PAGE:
Rationale:Biliary drainage is essential to resolve jaundice in patients with malignant biliary obstruction. Recently, a biliary self-expandable metal stent (SEMS) with an antireflux valve was developed to prevent enteric-biliary reflux. Its antireflux valve was made of expanded polytetrafluoroethylene (ePTFE), a biostable and biocompatible material. Changes of the ePTFE membrane of medical devices are rarely reported in clinical practice.Patient concerns:A 59-year-old woman was admitted with a complaint of jaundice. Around 1 month before, she underwent endoscopic biliary stenting using a SEMS with an antireflux valve.Diagnosis:Acute cholangitis due to stent clogging was detected on abdominal computed tomography.Interventions:Endoscopic retrograde cholangiopancreatography and removal of the SEMS with deformity were performed.Outcomes:The obstructive jaundice was rapidly resolved after the removal of the clogged stent.Lessons:Although the ePTFE membrane is widely used to make medical devices, unexpected changes could occur after the membrane is exposed to bile juice in the duodenum. When performing biliary stenting using a SEMS with an antireflux valve, both the risk of early malfunction and the benefit of the antireflux effect should be considered.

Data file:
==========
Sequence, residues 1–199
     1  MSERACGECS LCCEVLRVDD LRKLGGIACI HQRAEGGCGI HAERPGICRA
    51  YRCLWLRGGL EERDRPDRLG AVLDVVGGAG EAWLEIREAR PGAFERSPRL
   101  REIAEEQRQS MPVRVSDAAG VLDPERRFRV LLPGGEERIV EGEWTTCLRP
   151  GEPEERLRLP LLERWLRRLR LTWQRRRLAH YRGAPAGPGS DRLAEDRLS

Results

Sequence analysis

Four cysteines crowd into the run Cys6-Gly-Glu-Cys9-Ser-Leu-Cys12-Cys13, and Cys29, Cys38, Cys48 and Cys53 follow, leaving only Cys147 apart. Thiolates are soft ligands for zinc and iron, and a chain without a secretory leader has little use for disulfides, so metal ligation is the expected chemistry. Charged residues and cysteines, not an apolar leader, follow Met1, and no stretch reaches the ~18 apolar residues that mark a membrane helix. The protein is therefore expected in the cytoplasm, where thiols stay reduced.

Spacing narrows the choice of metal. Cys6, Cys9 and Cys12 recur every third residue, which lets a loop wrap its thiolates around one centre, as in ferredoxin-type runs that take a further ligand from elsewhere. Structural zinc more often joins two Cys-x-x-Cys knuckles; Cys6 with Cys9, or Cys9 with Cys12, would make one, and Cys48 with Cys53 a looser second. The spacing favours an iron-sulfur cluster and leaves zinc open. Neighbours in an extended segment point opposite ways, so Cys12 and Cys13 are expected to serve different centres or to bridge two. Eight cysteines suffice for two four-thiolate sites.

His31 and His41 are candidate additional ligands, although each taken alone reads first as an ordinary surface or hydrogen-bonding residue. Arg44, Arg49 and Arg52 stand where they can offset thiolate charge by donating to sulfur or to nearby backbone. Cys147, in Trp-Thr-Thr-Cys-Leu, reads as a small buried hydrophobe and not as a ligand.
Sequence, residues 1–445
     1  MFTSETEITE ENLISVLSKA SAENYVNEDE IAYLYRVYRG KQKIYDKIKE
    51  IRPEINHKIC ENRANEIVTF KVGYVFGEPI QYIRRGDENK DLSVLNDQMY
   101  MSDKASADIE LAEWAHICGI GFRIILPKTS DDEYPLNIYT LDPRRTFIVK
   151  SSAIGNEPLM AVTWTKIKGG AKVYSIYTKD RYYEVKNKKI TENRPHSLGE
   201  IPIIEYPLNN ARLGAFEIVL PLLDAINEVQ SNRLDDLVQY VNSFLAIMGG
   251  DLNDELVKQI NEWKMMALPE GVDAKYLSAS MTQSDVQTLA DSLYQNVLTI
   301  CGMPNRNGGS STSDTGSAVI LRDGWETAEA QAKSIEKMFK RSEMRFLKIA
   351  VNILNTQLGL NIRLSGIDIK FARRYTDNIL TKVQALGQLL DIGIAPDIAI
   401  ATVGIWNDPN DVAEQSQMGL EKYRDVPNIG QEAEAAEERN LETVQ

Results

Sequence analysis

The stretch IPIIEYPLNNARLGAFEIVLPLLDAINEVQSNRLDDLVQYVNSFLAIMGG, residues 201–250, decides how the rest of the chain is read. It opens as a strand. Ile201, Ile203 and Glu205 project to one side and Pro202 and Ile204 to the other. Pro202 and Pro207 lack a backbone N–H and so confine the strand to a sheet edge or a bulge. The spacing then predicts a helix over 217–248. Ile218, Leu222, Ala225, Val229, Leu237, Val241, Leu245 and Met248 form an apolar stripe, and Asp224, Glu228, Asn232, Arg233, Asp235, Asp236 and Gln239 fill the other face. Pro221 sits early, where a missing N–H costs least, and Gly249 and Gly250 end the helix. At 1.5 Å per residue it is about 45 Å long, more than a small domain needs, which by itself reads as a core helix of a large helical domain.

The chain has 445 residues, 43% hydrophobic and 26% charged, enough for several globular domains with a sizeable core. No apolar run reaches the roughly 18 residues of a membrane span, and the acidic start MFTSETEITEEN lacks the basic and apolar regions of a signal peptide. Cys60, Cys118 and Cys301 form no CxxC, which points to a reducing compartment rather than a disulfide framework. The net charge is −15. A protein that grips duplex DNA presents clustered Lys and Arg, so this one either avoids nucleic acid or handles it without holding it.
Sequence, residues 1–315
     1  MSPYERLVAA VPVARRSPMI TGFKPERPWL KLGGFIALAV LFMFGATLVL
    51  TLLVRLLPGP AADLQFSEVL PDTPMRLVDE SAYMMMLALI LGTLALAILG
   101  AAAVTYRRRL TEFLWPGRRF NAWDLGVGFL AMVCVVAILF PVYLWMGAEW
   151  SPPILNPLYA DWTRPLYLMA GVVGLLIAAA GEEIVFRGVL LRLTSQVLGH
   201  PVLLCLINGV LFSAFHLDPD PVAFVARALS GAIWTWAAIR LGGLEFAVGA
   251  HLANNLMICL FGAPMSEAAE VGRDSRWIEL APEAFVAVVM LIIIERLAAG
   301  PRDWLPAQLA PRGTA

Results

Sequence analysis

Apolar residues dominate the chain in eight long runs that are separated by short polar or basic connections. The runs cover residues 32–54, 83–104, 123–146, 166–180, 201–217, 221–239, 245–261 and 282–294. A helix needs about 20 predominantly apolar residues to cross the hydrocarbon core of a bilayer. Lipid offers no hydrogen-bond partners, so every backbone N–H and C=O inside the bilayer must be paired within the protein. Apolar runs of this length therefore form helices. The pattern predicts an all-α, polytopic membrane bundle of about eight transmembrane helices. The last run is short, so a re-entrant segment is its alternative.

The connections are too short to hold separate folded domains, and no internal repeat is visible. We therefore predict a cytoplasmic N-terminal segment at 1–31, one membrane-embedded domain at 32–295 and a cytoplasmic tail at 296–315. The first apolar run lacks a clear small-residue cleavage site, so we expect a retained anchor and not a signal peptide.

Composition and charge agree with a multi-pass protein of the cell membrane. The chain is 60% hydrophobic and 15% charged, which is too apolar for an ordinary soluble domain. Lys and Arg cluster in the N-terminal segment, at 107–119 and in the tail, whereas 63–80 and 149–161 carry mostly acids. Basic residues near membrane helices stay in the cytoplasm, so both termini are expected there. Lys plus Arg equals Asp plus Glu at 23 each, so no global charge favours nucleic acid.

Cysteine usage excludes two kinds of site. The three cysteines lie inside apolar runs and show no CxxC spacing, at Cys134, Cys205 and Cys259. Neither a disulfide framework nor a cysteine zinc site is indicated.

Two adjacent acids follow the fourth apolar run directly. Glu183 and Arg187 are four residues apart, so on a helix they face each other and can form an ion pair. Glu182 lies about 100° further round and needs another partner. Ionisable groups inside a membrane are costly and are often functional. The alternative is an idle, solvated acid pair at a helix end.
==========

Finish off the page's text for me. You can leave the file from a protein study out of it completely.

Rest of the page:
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Copyright © 2020 the Author(s). Published by Wolters Kluwer Health, Inc.
- antireflux valve
- bile duct obstruction
- expanded polytetrafluoroethylene
- self-expandable metal stent
ASJC Scopus subject areas